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Wordy Wednesday 89: Words Without Friends 3

WORDY WEDNESDAY #87
ANACROSSWORD 5 (answer)
It's been two weeks, so time to unveil the answer to this puzzle. If you still wish to solve it yourself, please go here for the normal version of the puzzle, or here for the easier version of the puzzle. Here's a list of people who solved it:
Giovanni Pagano *
Jack Bross **
M. Sean Molley **
Adam Weaver **
Bryce Herdt **
John Bulten **
John Davis **
Lewis Chen **
Ryan Faley **
Sam Levitin **
yyw **

WORDY WEDNESDAY #88
DIVIDED INTO 100 CELLS 3 (hint)
As of this writing, 10 people have solved last week's puzzle. Haven't solved it yet? Here's an easier version. Send your solutions to glmathgrant[at]gmail[dot]com within the next week to appear on the solvers list and be recognized for your puzzle prowess. Good luck, solvers!

WORDY WEDNESDAY #89
WORDS WITHOUT FRIENDS 3
This game of word solitaire is inspired by Solicross. Actually, it is Solicross. Don't sue me, Dell.

You have 15 turns to score as many points as possible by building words on the grid. Start by taking the first 7 letters from the LETTER LIST. Form an English word using two or more letters, and place it reading across (from left to right) or down (from top to bottom) in the grid, either starting in or ending in the shaded cell. On each successive turn, cross out the letters you used and replace them with the next letters from the LETTER LIST, and then play a new word using some or all of those letters. As in Scrabble, you can play at right angles to a previous word (either incorporating a letter from it or expanding it) or parallel to a previous word, but must adjoin some previous word; adjoining letters must always form words in crossword fashion, and all letters used in a single turn must be part of a single word.

Every turn, you score for the words you made on that turn. The score for a word is the sum of all the numbers it covers (whether those letters were played on that turn or not); multiple words formed in a single turn are added up together (with shared letters counting twice). If you use all 60 letters within 15 turns, give yourself 50 extra points.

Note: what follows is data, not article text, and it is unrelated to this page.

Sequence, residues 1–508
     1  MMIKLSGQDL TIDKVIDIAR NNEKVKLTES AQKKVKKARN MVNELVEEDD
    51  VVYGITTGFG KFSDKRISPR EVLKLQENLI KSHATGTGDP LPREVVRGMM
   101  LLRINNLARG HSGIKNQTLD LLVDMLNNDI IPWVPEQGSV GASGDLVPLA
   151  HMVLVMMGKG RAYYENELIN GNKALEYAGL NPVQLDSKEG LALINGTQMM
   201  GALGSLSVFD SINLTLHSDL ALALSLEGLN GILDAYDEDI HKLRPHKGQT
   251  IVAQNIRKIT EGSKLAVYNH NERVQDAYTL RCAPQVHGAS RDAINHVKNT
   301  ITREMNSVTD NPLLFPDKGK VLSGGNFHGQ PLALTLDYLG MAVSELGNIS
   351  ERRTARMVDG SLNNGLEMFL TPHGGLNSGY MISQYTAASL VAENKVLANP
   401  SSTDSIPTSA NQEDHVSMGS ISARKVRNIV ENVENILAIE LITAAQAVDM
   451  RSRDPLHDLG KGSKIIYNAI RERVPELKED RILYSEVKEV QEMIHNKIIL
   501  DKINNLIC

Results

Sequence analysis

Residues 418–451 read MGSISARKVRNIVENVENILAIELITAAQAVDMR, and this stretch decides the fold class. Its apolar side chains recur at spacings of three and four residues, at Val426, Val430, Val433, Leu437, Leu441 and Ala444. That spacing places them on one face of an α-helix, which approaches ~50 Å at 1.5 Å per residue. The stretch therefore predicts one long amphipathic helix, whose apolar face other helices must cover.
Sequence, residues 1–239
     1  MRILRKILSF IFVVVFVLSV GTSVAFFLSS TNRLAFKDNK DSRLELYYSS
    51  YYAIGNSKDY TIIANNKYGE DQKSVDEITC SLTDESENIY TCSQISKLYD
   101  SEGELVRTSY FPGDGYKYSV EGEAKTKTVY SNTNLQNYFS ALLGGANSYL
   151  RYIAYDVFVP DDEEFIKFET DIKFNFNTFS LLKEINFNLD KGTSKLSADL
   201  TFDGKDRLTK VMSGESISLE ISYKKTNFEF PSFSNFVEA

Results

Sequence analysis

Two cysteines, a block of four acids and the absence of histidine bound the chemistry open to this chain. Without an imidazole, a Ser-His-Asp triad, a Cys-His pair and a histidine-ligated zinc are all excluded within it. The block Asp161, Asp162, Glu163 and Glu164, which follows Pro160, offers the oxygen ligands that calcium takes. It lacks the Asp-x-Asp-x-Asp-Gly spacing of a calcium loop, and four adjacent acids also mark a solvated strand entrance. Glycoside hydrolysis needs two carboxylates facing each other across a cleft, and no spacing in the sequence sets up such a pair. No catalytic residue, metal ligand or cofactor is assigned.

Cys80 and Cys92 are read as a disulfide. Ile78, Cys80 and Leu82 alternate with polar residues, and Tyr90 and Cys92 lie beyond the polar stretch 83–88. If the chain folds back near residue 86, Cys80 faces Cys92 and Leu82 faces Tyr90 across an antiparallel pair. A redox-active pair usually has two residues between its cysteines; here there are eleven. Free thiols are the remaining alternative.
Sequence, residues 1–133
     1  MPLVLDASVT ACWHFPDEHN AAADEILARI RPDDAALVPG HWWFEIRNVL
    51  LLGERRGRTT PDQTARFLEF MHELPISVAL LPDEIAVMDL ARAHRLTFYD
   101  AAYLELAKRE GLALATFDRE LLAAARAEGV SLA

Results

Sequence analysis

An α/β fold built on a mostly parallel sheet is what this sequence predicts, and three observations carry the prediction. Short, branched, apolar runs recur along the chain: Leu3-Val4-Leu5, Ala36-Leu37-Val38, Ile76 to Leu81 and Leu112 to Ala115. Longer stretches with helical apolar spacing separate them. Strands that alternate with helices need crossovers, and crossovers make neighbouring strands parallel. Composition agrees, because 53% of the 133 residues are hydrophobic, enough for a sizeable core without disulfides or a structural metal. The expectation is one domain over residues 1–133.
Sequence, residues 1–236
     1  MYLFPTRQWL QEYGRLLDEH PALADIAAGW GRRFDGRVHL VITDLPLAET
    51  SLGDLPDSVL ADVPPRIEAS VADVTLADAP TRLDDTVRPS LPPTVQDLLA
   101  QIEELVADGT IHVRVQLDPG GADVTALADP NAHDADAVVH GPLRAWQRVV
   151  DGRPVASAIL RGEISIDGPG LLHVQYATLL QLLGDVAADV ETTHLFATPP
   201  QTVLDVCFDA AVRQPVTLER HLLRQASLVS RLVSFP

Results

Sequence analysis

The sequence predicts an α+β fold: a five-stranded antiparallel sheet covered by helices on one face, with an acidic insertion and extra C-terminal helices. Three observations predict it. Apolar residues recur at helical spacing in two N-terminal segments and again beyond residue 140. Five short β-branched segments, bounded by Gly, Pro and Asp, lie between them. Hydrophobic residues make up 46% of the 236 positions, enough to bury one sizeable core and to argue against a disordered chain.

My score for this game is 615 points. After you've gotten the highest score you can (or sooner, if getting high scores doesn't interest you), follow this link for the “puzzle version" of this puzzle, which indicates where I placed the tiles; you must determine which tiles to place each turn turn to form valid words and match my solution. Any game that beats my score of 615 points will be considered a solution to this “game version”. (All words will be checked against http://www.m-w.com/scrabble for validity.) Alternatively, I will accept any score of at least 500 points, so long as at most 2 words of 4 or more letters are formed that are also in my 615-point solution. (This prevents you from claiming credit for trivial changes to my solution which don't improve the score, but keep the score above 500. If you can find a trivial change to the solution which does improve the score, then you have earned my hearty congratulations.)

In an attempt to generate interest in this puzzle, and because I'm getting rusty at this “altruism” thing, I will donate 50 cents to Doctors Without Borders/Médecins Sans Frontières for every solution to the puzzle version and every solution to the game version that I receive before February 17, 2016, at 8:00 AM CST, up to a maximum of $25. If I receive at least one solution to the game version that beats my score of 615 points, I will double this amount! (The last time I did something altruistic on this blog, one of my readers increased the impact of my altruism by matching my donation; if this happens again, I'll be sure to let you know. . . .)

COMING NEXT WEEK. . .
* What's a 5-letter word for "Swan played by Kristen Stewart"?

Until next time, yappy solving!

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